Imagine that a talented gymnast hires a new coach.
In their first session, the coach shows the gymnast the step-by-step moves for a gymnastic routine.
With a little time and practice, the gymnast gets the fundamentals of the routine down.
Then the coach says, “OK, great, you’re ready for the Olympics!”
No, I don’t think so.
Gymnasts practice their routines 6 hours a day, more than 30 hours a week. For years.
And even then, only a select few win the opportunity to compete in the Olympics.
Now let’s take a self-employed professional who hires a coach to help them with their sales presentation.
They work through the presentation and practice it a few times.
Then the coach says, “OK, you’re ready to present this to your prospective clients. You’ve nailed it!”
The gymnast scenario was an obvious fantasy, but not the presentation scenario.
Many of my clients over the years have told me that they have given a presentation to a prospective client without any practice whatsoever.
And this is not the exception, this is the norm.
No, you don’t need to practice a presentation for 6 hours a day for several years.
But you do need to practice until you have it down flat.
I remember in the early days of my business where I would rehearse a presentation over and over again until I could do it in my sleep.
But I also remember a number of times where I failed to rehearse enough and made a poor impression.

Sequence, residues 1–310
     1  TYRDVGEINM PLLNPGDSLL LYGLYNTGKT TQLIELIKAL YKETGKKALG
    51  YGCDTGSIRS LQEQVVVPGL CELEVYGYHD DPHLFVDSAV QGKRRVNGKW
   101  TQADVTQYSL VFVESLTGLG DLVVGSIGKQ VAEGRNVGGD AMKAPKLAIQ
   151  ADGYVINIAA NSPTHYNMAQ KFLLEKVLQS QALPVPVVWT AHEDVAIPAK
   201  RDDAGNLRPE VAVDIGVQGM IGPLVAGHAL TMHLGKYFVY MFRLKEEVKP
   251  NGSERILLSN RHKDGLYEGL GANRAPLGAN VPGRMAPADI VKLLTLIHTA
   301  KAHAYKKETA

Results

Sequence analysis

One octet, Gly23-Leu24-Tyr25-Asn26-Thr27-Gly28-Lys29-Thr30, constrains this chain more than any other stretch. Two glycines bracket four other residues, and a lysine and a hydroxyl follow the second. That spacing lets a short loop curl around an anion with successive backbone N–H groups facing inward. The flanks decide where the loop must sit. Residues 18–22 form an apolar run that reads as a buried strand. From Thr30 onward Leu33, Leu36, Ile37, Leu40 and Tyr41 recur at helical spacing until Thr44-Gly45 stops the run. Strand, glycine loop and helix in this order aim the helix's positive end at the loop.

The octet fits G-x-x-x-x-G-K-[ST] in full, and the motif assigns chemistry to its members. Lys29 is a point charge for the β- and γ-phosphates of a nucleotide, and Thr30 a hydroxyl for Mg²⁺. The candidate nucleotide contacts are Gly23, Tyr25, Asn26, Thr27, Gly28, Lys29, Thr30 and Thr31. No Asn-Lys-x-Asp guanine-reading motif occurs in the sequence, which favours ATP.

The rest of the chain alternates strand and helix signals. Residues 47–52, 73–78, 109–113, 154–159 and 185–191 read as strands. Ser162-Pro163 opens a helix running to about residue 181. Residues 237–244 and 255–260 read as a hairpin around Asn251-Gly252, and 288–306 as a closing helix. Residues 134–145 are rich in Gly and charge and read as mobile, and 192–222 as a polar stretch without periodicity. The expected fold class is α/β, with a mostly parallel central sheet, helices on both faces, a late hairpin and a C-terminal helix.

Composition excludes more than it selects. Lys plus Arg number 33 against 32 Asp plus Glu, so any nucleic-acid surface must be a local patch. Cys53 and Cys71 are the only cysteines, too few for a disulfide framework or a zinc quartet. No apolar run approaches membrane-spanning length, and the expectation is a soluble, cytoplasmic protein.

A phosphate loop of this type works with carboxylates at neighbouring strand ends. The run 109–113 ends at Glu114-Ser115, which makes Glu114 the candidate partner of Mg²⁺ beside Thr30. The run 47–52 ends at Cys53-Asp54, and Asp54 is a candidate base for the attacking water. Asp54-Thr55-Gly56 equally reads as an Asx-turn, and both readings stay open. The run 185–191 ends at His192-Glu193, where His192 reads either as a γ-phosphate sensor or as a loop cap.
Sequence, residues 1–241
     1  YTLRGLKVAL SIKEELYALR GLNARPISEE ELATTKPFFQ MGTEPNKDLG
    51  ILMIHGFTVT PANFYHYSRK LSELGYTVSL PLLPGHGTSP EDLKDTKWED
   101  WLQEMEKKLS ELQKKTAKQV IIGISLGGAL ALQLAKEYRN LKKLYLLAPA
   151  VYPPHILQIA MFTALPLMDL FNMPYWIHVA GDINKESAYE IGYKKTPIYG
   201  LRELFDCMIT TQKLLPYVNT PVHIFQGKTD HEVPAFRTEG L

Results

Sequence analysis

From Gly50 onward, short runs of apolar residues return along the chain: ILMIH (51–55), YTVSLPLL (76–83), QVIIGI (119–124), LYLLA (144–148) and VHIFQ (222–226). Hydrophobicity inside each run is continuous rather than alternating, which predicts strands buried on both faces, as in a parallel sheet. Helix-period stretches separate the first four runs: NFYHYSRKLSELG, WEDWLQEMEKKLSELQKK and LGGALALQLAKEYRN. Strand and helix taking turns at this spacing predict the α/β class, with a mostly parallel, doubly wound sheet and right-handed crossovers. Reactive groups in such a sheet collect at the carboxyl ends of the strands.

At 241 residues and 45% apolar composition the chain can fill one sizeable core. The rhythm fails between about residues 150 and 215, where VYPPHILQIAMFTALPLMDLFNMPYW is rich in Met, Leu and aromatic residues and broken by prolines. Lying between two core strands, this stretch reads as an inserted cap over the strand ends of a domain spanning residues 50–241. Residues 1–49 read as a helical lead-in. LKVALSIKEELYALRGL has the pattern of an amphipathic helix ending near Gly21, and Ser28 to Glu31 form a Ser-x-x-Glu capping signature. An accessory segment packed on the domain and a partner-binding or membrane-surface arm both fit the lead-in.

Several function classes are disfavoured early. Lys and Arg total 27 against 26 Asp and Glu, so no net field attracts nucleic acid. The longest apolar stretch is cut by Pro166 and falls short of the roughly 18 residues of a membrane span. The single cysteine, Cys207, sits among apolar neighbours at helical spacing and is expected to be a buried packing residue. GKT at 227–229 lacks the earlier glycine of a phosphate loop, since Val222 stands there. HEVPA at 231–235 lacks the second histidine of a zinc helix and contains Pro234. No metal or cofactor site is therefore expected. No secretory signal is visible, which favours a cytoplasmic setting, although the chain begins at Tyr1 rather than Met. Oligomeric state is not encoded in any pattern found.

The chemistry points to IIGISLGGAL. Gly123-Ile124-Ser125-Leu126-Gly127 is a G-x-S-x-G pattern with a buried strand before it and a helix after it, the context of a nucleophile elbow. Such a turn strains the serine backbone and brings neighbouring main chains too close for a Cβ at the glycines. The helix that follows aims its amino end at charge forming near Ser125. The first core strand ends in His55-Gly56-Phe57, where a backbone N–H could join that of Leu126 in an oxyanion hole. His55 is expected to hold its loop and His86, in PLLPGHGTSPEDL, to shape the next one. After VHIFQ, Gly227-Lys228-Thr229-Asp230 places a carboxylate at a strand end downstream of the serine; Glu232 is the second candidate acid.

And presentations aren’t the only things you need to rehearse.
Any aspect of attracting clients where you are “performing live” requires rehearsal.
I recall spending hours practicing follow-up calls to prospective clients who had attended my talks.
I couldn’t “wing it.” I was much too nervous.
No, I scripted out what I planned to say and then practiced it out loud until I didn’t sound like a bumbling idiot anymore.
I also anticipated questions they might ask me and rehearsed the answers until I was both coherent and relaxed.
And, believe me, I didn’t get good at this overnight. It took a long time and it wasn’t a lot of fun.
But ultimately, I became confident when speaking to prospective clients and when giving live presentations.
Think of all the professionals that require live rehearsal:
Athletes, actors, musicians, singers, dancers, comedians, magicians, trial lawyers, speakers, trainers, salespeople, and yes, self-employed professionals like you.
If you think attracting clients is a matter of writing something clever, sending it out and getting a barrage of people responding, wanting to do business with you, you’re sadly mistaken.
No, that might get you some meetings, but then you need to engage them, explore their needs, and explain your solutions.
But if you don’t rehearse what you’ll say during those meetings, you won’t convert many of them into paying clients.
Some potent quotes about practice and rehearsal:
On being asked why, at the age of 93, he still devoted three hours a day to practicing, world-renowned cellist Pablo Casals said: “I’m beginning to notice some improvement.”
“If I don’t practice one day, I know it; two days, the critics know it; three days, the public knows it.” – Jascha Heifetz
“Practice does not make perfect. Only perfect practice makes perfect.” – Vince Lombardi
“It’s not necessarily the amount of time you spend at practice that counts; it’s what you put into the practice.” – Eric Lindros
“If you don’t practice you don’t deserve to win.” – Andre Agassi
“Today, do what others won’t so tomorrow you can accomplish what others can’t.” – Simone Biles
“Want to attract more of your ideal clients? Then practice what you’ll say to them and how you say it.” – Robert Middleton